Polling before the 1975 referendum found that women were more sceptical than men about membership of the European Community. In his book Yes to Europe! The 1975 Referendum and Seventies Britain, Robert Saunders (Queen Mary University of London) explains how Britain in Europe’s campaign went about targeting women.
A referendum on the Common Market might seem an unlikely arena in which to debate the roles and responsibilities of men and women. Yet both side paid close attention to women’s votes and crafted material specifically with women in mind. Britain in Europe employed two full-time women’s officers, who were among the highest paid officials in the organisation, while women like Barbara Castle, Judith Hart, Margaret Thatcher and Shirley Williams all took prominent roles in the campaign. On one level, this marked a recognition of women’s electoral power and of the need to craft appropriate campaign messages; yet the assumption that women formed a distinct electoral cohort also marked the continuing resonance of older ideas about ‘the women’s vote’ and the issues that were thought to define it. While men were assumed to have multiple and sophisticated political identities, determined not by their sex but by occupation, political allegiance, religious belief and religious identity, appeals to women still leaned heavily on a set of well-worn feminine tropes: the housewife, the mother and the keeper of the household budget. At a time when feminists were struggling to recast political language, women who campaigned in the referendum found that their voices were most likely to be heard when they spoke in the tones of the wife and mother. Like the traditional cry of the shipwrecked sailor – ‘women and children first’ – the attention paid to women voters was indicative less of their political equality than of their continuing status as a ‘special category’, outside the perceived mainstream of electoral politics.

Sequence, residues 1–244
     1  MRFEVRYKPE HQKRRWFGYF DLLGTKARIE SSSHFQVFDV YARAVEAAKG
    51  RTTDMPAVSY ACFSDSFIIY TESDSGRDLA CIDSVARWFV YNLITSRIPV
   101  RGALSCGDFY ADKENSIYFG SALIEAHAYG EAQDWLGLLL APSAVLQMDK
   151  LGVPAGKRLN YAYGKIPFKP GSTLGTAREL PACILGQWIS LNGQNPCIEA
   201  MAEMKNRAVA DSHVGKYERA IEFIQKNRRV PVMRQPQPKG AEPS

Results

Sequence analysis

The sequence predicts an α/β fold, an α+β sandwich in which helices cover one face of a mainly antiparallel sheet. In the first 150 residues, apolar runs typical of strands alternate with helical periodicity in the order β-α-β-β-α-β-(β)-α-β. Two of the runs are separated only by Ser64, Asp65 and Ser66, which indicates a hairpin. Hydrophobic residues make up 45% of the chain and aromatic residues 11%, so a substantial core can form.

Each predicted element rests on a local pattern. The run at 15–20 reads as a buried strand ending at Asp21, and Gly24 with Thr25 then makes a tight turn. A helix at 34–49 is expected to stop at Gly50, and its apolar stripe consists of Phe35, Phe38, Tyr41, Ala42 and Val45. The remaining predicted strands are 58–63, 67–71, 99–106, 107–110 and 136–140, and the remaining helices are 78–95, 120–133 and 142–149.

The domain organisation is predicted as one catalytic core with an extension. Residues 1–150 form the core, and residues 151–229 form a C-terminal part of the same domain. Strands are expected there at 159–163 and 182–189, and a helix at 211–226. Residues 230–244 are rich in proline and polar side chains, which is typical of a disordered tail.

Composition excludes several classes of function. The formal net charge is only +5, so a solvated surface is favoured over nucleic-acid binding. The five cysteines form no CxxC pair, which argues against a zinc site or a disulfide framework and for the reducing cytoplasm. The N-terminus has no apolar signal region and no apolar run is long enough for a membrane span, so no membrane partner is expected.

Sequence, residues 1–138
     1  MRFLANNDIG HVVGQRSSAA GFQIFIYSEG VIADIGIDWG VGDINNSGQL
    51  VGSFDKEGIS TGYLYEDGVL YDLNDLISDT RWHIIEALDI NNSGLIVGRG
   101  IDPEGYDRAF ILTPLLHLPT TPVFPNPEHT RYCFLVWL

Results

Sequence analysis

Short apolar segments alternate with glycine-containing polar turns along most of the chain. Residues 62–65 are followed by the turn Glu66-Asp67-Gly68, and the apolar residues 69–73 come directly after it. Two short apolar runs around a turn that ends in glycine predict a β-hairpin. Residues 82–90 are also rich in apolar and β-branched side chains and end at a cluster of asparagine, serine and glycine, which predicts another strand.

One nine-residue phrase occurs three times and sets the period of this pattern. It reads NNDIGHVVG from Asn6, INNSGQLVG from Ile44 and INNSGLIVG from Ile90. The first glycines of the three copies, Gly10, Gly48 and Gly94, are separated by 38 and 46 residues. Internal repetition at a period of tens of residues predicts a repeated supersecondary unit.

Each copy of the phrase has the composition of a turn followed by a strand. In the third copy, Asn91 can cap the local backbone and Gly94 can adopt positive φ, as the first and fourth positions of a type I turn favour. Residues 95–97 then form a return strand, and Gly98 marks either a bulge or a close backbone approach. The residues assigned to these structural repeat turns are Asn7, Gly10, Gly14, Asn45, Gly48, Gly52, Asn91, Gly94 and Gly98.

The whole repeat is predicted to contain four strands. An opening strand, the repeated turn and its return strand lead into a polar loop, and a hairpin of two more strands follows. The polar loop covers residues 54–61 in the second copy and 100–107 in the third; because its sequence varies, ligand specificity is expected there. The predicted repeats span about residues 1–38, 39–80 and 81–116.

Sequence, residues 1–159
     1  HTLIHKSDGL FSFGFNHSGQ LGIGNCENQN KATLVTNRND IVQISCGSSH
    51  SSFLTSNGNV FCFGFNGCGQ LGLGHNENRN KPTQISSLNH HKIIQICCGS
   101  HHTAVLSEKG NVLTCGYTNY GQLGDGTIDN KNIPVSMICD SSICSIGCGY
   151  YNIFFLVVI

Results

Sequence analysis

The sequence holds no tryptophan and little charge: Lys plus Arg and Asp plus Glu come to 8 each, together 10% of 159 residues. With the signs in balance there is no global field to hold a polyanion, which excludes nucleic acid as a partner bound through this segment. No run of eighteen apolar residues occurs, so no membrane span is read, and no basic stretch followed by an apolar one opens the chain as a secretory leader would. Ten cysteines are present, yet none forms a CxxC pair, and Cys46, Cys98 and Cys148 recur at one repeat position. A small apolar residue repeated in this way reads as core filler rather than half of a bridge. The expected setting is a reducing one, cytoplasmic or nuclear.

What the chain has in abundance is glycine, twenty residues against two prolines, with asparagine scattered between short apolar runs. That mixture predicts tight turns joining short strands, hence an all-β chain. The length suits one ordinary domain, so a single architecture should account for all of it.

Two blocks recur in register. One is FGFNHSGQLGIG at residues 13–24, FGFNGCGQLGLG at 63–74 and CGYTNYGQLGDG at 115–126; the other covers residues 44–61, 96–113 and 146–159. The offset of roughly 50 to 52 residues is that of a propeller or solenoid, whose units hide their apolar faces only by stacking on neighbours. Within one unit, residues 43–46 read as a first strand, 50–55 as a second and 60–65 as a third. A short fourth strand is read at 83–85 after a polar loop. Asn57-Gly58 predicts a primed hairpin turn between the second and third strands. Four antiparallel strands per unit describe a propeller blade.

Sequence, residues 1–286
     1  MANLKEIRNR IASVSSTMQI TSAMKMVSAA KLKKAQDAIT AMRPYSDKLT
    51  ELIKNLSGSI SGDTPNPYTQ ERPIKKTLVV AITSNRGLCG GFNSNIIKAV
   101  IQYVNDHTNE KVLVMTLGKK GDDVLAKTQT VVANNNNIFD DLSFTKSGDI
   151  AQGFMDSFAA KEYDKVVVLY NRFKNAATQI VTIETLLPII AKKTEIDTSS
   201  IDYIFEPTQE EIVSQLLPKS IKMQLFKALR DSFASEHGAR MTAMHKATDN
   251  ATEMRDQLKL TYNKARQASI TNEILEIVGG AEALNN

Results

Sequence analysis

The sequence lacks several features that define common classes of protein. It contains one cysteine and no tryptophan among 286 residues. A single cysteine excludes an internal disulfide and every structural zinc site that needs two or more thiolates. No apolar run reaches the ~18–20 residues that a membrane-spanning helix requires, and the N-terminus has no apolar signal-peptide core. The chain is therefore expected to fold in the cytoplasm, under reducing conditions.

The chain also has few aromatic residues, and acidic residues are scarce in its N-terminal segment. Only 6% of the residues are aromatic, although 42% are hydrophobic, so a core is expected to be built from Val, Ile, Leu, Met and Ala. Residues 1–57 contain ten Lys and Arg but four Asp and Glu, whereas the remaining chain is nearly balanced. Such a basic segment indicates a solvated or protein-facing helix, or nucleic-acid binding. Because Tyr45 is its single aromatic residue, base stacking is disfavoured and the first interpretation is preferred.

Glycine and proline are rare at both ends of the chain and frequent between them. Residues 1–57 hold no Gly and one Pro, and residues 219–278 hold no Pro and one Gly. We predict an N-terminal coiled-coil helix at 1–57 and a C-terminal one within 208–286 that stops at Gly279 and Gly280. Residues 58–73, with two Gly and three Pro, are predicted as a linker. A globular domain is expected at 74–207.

Britain in Europe (BIE) began by establishing a dedicated Women’s Section. The first task for the new organisation was simply to ensure a proper representation of women’s votes, in what threatened to be a very male-dominated operation. The National Liberal Club, which served as headquarters for the European Movement, did not even admit women to full membership at this time, and it voted to uphold the ban just a month before the referendum. At first, as Women’s Section leaders Kina Avebury and Ann Money-Coutts later recalled, ‘the whole tenor of advertising and publicity… was consistently male-oriented.’ Indeed, the first batch of posters ‘had no women in them at all’. Such material as was designed for women was either crassly chauvinistic – women’s T-shirts, for example, with the words ‘Europe or Bust’ blazoned across the bosom – or thoughtlessly so, like the posters of smiling children labelled ‘Jobs for the Boys’.